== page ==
Have you ever sat down and thought about your own funeral?

I know some of you just read that and thought, “Yep, Grif‘s jumping into the ‘cry for help’ pool head first.”

Before you start recommending therapists, preachers or an intervention, I’m good, really.

I’m not going to lie, I have frequently thought of my funeral, not in some strange push to exacerbate its arrival but to seriously consider how you want your friends and family to celebrate your passing through the veil.

And in all honesty I’ve narrowed it down to a couple of different options. There’s going to be an Irish wake where everyone toasts my memory and pinning for me to come back. That’s the night of my death. Now for the funeral part I’m thinking either a celebratory ancient Greek style funeral pyre on the shores of Orange Beach or a Viking-style sendoff in a Bass Trakker surrounded by fireworks on Lake Martin with an archer positioned on the Kowaliga Bridge sending a flaming arrow into the boat giving me the opportunity to go out with one last great big bang.

Somewhere a funeral director just read that and spit out his morning coffee and began listing the litany of ways neither of those options are feasible, safe or legal.

Seriously, though, as the ’Rona has proven in these past months, we are not immortal — far from it actually. I come to this realization as I’m sitting here going through some things from Grandad’s house and how unique his funeral and many other funerals are having to be conducted under coronavirus rules and regulations.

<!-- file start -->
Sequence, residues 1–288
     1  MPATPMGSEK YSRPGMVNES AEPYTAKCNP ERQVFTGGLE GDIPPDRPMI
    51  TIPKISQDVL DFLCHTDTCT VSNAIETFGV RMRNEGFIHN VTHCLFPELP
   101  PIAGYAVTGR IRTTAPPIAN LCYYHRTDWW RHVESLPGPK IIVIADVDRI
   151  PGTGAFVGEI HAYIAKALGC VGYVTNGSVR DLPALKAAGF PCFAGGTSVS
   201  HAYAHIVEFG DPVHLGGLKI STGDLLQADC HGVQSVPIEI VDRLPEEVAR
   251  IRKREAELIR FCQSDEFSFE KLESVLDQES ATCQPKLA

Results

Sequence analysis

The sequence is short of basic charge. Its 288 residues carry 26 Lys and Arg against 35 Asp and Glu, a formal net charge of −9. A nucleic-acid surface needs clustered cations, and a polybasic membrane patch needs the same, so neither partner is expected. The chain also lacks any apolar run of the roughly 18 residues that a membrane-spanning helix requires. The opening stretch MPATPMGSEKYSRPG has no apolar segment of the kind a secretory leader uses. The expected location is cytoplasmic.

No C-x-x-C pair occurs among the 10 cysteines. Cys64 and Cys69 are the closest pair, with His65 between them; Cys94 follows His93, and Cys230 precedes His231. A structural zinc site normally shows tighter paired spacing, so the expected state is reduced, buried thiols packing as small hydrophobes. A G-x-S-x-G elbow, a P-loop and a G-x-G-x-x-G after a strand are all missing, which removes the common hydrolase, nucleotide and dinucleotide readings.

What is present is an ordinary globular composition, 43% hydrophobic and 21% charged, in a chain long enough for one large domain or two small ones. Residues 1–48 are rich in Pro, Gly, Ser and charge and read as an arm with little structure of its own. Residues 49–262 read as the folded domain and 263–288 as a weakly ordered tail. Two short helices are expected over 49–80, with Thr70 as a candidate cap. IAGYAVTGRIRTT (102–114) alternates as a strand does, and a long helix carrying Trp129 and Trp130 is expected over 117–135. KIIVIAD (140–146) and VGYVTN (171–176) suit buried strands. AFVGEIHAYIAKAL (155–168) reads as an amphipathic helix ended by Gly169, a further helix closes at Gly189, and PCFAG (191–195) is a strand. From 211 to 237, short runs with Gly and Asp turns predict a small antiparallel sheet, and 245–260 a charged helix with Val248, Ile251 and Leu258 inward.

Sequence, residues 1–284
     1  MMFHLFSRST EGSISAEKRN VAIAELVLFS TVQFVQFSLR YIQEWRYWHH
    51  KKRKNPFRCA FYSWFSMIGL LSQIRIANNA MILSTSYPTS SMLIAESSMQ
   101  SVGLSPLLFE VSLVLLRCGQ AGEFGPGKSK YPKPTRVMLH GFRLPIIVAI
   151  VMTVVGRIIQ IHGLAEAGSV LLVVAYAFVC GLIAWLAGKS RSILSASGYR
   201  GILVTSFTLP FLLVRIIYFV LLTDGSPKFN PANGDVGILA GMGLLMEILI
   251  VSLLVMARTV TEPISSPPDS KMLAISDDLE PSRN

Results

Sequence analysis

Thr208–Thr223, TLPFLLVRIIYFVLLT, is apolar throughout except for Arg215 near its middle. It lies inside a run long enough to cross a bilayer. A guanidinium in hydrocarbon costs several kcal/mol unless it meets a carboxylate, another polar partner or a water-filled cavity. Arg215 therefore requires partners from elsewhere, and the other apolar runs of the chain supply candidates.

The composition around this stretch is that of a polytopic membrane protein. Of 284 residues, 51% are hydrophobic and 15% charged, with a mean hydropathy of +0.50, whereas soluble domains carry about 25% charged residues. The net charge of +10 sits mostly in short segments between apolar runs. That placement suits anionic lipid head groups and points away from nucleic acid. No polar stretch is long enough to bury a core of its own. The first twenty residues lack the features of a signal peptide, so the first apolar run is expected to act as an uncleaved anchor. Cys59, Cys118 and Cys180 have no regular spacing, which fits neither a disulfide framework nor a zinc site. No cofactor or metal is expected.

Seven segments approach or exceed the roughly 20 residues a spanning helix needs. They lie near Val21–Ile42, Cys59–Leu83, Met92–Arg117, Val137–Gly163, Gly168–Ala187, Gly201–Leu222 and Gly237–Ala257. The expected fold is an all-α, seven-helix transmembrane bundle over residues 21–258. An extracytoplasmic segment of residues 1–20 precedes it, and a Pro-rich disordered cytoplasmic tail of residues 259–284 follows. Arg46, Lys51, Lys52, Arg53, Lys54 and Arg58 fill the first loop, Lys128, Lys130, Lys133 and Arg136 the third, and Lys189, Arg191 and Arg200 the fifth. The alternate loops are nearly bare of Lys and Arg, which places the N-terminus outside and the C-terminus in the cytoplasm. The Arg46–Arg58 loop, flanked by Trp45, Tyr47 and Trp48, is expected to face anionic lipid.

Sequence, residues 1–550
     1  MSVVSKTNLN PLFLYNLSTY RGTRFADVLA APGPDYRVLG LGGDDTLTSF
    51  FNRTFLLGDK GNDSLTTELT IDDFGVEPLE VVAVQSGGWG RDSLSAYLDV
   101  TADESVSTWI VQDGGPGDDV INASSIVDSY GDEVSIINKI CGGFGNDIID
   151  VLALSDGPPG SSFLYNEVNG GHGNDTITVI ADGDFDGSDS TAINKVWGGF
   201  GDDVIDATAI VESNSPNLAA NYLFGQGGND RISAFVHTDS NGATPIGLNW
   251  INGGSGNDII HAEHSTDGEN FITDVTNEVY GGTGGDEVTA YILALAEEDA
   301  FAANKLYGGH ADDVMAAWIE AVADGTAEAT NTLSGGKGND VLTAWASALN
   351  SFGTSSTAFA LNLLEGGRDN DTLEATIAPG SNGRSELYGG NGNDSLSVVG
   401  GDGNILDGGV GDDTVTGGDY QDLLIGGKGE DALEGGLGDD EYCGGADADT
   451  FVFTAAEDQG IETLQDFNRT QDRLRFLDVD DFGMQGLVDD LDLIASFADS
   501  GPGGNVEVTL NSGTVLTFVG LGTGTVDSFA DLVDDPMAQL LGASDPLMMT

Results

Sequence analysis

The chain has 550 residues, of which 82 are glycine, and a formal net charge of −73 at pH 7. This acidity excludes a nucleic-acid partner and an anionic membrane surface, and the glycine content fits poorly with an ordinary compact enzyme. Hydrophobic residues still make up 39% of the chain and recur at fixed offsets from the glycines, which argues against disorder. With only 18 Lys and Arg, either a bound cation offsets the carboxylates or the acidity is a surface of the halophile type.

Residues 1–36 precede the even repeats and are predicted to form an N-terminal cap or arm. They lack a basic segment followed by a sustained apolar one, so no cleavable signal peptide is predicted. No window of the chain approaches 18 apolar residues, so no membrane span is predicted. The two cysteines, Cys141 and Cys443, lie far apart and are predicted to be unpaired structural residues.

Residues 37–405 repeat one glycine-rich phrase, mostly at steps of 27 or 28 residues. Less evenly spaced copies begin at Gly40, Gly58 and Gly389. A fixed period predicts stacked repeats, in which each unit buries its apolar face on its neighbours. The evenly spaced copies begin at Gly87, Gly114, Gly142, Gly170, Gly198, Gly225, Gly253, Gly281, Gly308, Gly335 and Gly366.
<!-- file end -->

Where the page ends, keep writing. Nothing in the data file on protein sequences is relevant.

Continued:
Now I have firmly believed for years visitations and funerals are more for the living than the dead, but 10 people at a visitation and funeral separated isn’t really a great representation of the actual person’s life.

And that’s not a knock against the organizers — they did a fantastic job working with the limitations allowed by COVID-19.

I’m looking for some kind of insightful quote to put here but can’t really find one, so I’ll just freestyle one: A life is measured by how they are celebrated in the days following their death. Oh and here’s another one, nothing brings people together like food and funerals.

Aside from Grandad’s, I’ve been to a catalogue full of funerals, two of which were really impactful in my life.

In high school, my other grand Junior Griffin walked off this earth to lead Southern Gospel Singings along the streets of gold. He was a giant of a man and I’ll write more about him later on, but his funeral … man.

I knew he knew every God and everybody. On the day of his homegoing party I don’t think Comer Church could hold another soul as that was the first time in my life I’d seen that church packed from floor to ceiling. His life was celebrated in a way when the family entered the church, they were greeted by people standing shoulder to shoulder from all walks of life gathered to celebrate the life of a guy who worked at a feed store, building supply and called TurtleNeck U.S.A. his home.

In the years following after I went to Troy as a freshman I lost my best friend Chelsea. Now she was a fun-loving 22-year-old, chainsmoking, screwdriver drinking soul who was larger than life and would field dress around 452.

Her funeral was held at a small AME church in Greenville. The church was built to hold 75 and on the day she died there were around three times that there to celebrate her life.

All of these funerals were great celebrations of life — lives lived to the fullest.

Now back to my demise. Funeral Pyre is one option. A Viking sendoff is another.

I’m also not opposed to having my ashes shot out of a cannon ala Hunter S. Thompson or being attached to a weather balloon and having them scattered all over parts of the state as it drifts up into the atmosphere. Go big or go home.

That funeral director might have just had a stroke.

So Cousins, I’m going to leave you with this: How do you want to be celebrated when you shed this mortal coil and spring forth to the Great Bye and Bye?

It’s that simple.